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Autoimmunogenicity in Covid-19, and via the vaccines?
ggongi - 2021-02-08 00:02:35
Dear Dr. Been,
Below are the questions I've had about the first-generation vaccines, which have been bothering me:
Why have all of the SARS-CoV-2 vaccine candidates approved to date used the entire spike protein as the antigen? It seems like all of the thought has been directed toward clever ways to deliver the antigen, but very little if any thought has been put toward antigen selection. My guess is that the entire spike protein was chosen as antigen to make the vaccines resilient to mutations; or because the designers were in a rush; or a combination of both reasons.

Alternatively, the vaccine makers thus far seem to have assumed that vaccines with the entire spike protein as antigen would produce mostly, or enough, neutralizing antibodies, and thus would not be subject to antibody-dependent enhancement (ADE).

But doesn't that beg the question? Isn't it merely an assumption that a sufficient number of the antibodies to the entire spike protein would be neutralizing? Without a full understanding of SARS-CoV-2's methods of infectivity, how would we know that most, or enough, of the antibodies produced against the entire spike protein are neutralizing, and not subject to ADE?  Rather, it seems to me to be largely a matter of chance what type of antibodies (binding or neutralizing) would be formed when presenting the entire spike protein as antigen, and it would be dependent upon which epitopes of the antigen happen to be presented most dominantly to one's immune system.

I ask the above questions because I bookmarked the following paper last spring, and the issues it raises have been nagging at me ever since:


The authors state that they analyzed the spike protein, and found that it has 78.4% similarity to human-like epitopes, and thus only 21.6% non-human-like epitopes. Further, they state that they selected as antigen for their vaccine candidate only the non-human-like epitopes relevant to SARS-CoV-2's methods of infectivity:  i.e. the epitopes residing in the receptor binding domain (RBD), in the furin cleavage site, and in receptor binding sites outside of the main RBD.

Their reasoning for selecting as antigen only these epitopes was that “the immune system will be guided directly to the epitopes which are relevant to virus neutralization.” And further, since their vaccine presents only non-human-like epitopes, and only epitopes relevant to SARS-CoV-2’s methods of infectivity, the risks of: 1) autoimmune reactions and of 2) the formation of ineffective antibodies (and even antibody-dependent enhancement (ADE) on subsequent exposure to the virus) are reduced with their vaccine candidate, vs. the conventionally-designed vaccines, which all present the entire spike protein as antigen.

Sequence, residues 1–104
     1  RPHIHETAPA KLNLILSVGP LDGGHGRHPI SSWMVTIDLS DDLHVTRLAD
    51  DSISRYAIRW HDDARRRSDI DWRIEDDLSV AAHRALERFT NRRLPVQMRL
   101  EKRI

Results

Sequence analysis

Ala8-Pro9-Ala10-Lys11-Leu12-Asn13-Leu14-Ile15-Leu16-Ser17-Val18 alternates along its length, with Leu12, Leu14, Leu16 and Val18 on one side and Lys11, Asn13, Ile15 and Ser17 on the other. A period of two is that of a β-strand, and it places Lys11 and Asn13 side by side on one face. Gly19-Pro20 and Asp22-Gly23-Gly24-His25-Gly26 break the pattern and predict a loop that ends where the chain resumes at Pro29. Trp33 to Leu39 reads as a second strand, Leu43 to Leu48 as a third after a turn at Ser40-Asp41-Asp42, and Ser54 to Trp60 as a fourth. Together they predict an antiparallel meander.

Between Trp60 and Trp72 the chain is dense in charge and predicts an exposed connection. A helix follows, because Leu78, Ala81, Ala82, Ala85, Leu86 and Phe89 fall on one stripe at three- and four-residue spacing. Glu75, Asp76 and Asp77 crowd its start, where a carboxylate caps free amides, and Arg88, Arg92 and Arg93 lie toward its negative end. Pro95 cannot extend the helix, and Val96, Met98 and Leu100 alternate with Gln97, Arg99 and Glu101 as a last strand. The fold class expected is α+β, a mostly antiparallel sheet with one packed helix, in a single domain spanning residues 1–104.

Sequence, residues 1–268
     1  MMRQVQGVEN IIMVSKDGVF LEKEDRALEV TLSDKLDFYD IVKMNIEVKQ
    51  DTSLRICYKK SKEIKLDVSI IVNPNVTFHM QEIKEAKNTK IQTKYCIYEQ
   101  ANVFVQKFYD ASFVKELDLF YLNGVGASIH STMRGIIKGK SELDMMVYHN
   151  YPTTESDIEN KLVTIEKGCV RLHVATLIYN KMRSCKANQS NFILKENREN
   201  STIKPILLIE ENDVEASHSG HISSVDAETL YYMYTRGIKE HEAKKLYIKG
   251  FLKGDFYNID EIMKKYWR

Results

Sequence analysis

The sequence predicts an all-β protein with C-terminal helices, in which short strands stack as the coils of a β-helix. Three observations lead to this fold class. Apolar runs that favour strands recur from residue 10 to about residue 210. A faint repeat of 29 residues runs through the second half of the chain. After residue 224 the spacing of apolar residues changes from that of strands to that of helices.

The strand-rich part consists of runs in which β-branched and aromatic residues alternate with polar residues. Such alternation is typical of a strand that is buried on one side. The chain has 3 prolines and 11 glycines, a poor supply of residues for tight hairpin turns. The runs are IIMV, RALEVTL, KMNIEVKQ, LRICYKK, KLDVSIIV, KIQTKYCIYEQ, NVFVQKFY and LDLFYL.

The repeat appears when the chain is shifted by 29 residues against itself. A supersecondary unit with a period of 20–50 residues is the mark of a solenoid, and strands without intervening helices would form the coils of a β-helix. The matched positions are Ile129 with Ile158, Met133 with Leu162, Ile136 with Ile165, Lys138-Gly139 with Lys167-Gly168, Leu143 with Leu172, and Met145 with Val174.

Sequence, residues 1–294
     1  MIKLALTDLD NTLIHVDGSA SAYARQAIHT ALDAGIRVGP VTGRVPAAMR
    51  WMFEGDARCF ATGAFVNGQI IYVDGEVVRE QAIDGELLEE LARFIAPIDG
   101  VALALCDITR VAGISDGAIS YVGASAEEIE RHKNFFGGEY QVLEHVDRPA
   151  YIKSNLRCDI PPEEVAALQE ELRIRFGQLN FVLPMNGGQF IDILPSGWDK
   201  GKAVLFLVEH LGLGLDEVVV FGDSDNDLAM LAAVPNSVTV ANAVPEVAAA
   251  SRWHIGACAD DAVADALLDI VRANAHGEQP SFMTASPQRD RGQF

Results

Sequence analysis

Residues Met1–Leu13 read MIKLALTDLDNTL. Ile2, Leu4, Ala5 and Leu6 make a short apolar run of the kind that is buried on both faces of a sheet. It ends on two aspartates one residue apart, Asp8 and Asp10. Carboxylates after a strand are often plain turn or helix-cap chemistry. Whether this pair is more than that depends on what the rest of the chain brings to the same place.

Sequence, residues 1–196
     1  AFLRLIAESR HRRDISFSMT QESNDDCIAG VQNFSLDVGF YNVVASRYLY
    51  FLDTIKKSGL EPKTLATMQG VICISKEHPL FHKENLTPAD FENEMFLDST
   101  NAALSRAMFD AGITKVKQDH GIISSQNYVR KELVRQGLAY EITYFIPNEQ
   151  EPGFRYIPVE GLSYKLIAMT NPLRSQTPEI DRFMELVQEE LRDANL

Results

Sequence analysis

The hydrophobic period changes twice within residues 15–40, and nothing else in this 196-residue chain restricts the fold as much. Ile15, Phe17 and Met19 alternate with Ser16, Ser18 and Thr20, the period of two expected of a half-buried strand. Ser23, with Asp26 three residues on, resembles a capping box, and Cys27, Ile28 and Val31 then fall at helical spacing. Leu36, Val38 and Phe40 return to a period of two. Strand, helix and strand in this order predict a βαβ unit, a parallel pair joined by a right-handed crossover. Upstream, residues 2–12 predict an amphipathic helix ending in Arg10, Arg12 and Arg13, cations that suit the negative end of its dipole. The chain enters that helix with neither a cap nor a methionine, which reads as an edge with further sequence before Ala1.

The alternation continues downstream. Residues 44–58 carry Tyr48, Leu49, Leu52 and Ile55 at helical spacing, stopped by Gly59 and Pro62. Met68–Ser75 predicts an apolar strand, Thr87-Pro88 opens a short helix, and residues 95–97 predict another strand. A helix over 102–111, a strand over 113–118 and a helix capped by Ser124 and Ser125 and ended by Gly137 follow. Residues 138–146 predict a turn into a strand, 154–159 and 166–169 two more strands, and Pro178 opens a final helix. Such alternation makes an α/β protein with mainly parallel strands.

Now, if 78.4% of the spike protein's epitopes are human-like, then by injecting in our body an antigen that consists of the entire spike protein, as is the case with all of the vaccines to date, are we not running a high risk of training our immune system to form antibodies and mount other defenses against epitopes that have a high degree of similarity to epitopes found in human tissue?
This Nature article, published January 19, 2021, suggests such autoimmunity is the key to severe Covid-19:
"A way pathogens might trigger autoimmunity is if a part of them coincidentally resembles human cell components"
The Florida doctor who died after getting the Pfizer vaccine likely had autoimmune thrombocytopenia triggered in him by the vaccine, and both the Nature article and this NYT article link to the same systematic review showing that infection with the live virus can cause it as well:

Doctor’s Death After Covid Vaccine Is Being Investigated


His looks like a very unfortunate case of the immune system forming antibodies against one or more epitopes on the spike protein that happen to be similar to one or more epitopes found on platelets or on the cells in bone marrow that make platelets.

So it seems like the vaccines can trigger autoimmunity in at least some cases.  I'm keeping an eye on reports to see just how frequently this happens.  When it does happen, it seems like it can be catastrophic, as in that doctor's case.  Some or a lot of the 'allergic' reactions reported as a result of these vaccines may in fact be autoimmune reactions.  I want to see how frequent, severe and long-lasting such reactions are.  And with how much of a lag such reactions can occur.

What do immunologists, molecular biologists and other experts make of these issues?  How great is the risk with the conventional SARS-CoV-2 vaccines, which present the entire spike protein as antigen, of autoimmune reactions, or of the formation of ineffective antibodies (or even ADE)?

These issues surrounding antigen selection are the ones that are causing me the most to take a wait-and-see attitude toward the vaccines that have been released to date, more than possible allergic reactions to their ingredients, or reservations about their novel antigen delivery technologies.  I’d appreciate thoughts from you or from any other experts.

Autoimmunogenicity in Covid-19, and via the vaccines?
ggongi - 2021-02-11 16:48:10

More people are developing ITP after getting the mRNA vaccines:


But the press has not yet put two and two together, and have not yet explored just what it is about the spike protein antigen that is causing this autoimmunity to happen:  78.4% similarity to human-like epitopes.

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